We must also adequately fund our nation’s foreign assistance programs – including development aid, disaster relief and humanitarian assistance – to reduce the crises that drive people from their homelands.
I mentioned the Administration’s counterproductive decision to cut $500 million in U.S. aid to the Northern Triangle. His proposed cuts and refusal to spend appropriated funds in other areas are also deeply troubling. For example: The Trump Administration has terminated hundreds of millions of dollars in development aid and humanitarian assistance for those living in the Palestinian Territories. The cuts include all U.S. funding for the US Relief and Works Agency for Palestinian Refugees, $200 million in economic support funds for projects in Gaza and the West Bank; and $25 million for Palestinian hospitals in East Jerusalem.
This Administration’s has slashed support for U.N. peacekeeping operations by 40 percent – and proposed even deeper cuts for U.N. humanitarian assistance programs. Its budget proposal for the current year included a 30 percent across-the-board cut to foreign operations, and a 24 percent reduction in anti-poverty programs.
As the Council on Foreign Relations has noted, it’s true that the U.S. is the world’s single-largest foreign donor in total dollars spent. When you look at foreign aid as a percentage of a country’s gross domestic product – we rank near the bottom among developed countries. We are 22nd out of the 28 O.E.C.D. nations. The Trump cuts in foreign assistance represent only a tiny fraction of U.S. spending, but they inflict real, needless harm on vulnerable people worldwide – and on America’s role as a moral leader.
John McCain and Dick Lugar – both conservative Republicans and patriots – used to speak often of the power of the American idea. They understood that America’s strength comes not only from our military or economic might, but from the power of our principles.
When you fly into an America airport from any other nation and look at the incredible mix of people – all Americans – waiting in the customs and immigration line to show their passports, it’s hard not to feel a sense of pride in what we have achieved. Multicultural democracy is hard. And yet, we have done it better and on a larger scale than any nation in history. That’s part of the American idea.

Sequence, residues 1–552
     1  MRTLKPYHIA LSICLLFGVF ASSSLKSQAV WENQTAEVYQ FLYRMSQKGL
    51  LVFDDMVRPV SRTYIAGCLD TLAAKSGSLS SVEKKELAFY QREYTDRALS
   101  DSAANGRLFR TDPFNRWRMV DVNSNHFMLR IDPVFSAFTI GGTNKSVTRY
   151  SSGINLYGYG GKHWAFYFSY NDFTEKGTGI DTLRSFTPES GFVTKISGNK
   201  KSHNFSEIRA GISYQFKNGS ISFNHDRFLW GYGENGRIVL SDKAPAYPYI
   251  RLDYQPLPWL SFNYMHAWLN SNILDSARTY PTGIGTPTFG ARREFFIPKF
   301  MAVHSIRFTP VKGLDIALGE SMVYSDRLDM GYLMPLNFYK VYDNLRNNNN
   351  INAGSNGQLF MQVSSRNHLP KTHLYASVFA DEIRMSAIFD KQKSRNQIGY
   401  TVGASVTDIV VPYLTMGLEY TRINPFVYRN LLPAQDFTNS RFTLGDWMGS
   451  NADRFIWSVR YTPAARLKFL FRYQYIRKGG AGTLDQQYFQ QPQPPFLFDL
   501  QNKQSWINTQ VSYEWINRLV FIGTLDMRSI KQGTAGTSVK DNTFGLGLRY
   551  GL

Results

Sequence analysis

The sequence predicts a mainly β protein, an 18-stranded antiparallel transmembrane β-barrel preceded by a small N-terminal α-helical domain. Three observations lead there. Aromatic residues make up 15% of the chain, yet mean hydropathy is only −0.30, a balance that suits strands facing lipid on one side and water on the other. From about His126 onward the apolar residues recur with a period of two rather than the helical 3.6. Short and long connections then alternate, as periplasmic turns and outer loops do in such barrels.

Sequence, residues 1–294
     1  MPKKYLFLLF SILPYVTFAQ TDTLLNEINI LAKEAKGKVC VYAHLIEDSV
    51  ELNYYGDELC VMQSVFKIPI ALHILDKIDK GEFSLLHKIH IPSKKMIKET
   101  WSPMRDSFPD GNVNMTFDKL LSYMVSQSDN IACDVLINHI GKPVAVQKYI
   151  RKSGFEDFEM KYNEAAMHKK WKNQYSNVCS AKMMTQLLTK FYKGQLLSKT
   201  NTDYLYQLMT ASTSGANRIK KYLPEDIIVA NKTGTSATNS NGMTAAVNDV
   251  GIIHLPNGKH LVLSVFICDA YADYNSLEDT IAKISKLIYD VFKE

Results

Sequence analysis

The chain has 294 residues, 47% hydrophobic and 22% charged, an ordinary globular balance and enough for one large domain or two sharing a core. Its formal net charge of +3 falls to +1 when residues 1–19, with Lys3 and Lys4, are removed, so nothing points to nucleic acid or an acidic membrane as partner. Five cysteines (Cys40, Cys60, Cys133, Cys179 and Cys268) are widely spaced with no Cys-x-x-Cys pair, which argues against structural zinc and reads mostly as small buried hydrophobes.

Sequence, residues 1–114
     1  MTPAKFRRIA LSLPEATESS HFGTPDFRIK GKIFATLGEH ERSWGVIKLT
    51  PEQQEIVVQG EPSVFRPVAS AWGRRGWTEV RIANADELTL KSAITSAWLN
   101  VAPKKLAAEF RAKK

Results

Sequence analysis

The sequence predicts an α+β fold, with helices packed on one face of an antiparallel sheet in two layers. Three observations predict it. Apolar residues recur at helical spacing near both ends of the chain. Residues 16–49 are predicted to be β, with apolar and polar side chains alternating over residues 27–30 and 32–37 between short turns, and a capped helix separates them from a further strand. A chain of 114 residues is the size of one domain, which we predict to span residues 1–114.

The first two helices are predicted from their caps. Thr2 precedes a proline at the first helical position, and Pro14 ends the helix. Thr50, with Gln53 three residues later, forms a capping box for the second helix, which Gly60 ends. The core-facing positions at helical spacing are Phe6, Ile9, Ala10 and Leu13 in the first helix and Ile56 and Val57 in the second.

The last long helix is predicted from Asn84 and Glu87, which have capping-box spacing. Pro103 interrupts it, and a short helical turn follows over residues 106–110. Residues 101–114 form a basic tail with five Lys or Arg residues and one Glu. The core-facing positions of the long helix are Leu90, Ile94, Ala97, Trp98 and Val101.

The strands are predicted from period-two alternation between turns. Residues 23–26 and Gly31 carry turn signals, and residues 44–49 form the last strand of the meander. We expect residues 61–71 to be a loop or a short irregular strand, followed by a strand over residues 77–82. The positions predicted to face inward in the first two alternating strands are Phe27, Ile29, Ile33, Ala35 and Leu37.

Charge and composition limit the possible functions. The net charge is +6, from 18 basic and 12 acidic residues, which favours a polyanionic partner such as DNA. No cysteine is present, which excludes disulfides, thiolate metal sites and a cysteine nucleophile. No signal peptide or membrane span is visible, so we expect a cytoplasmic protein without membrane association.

Siding with democracy over tyranny, that, too, is part of the American idea. When democracy protesters stand up in Moscow, Hong Kong, or elsewhere, they’re counting on America for moral support. John McCain understood this. That is why he stood with democracy protesters in the bitter cold on the Maidan Square in Kiev.
Sadly, President Trump does not understand these truths about America. He has undermined America’s role on the world because he does not grasp the nature of America’s character, nor the strength of alliances.
A final thought before I close: Tomorrow marks the 18th anniversary of the 9/11 attacks on America. As we prepare to commemorate this solemn day, we know that America is still threatened by terrorism – home-grown and foreign. We also face other, urgent threats, including nuclear proliferation and, if we continue to ignore it, a climate catastrophe. No nation can solve these problems alone. They demand global alliances and concerted, global cooperation and action.
The scene that is burned in our memories from 9/11 is the terrible image of the Twin Towers falling and crumbling into ash. But there are other images from that time that we need to remember as well. At American embassies and consulates around the world, crowds turned out spontaneously to mourn with us.
The front page of Paris Match newspaper on September 12 read: “We are all Americans.” That same day, for the first and still the only time in its history, NATO invoked Article 5 of its charter – the mutual defense pledge originally intended to protect vulnerable European nations from Soviet invasion during the Cold War. NATO also sent five fighter jets to help defend American airspace.
We cannot know the future. But we know from our past that America – and the world – are more secure and prosperous when we work with allies to defend our shared values and interests, and solve our shared problems. Thanks for letting me get that off my chest. Now, Mr. McManus, I am ready for your questions.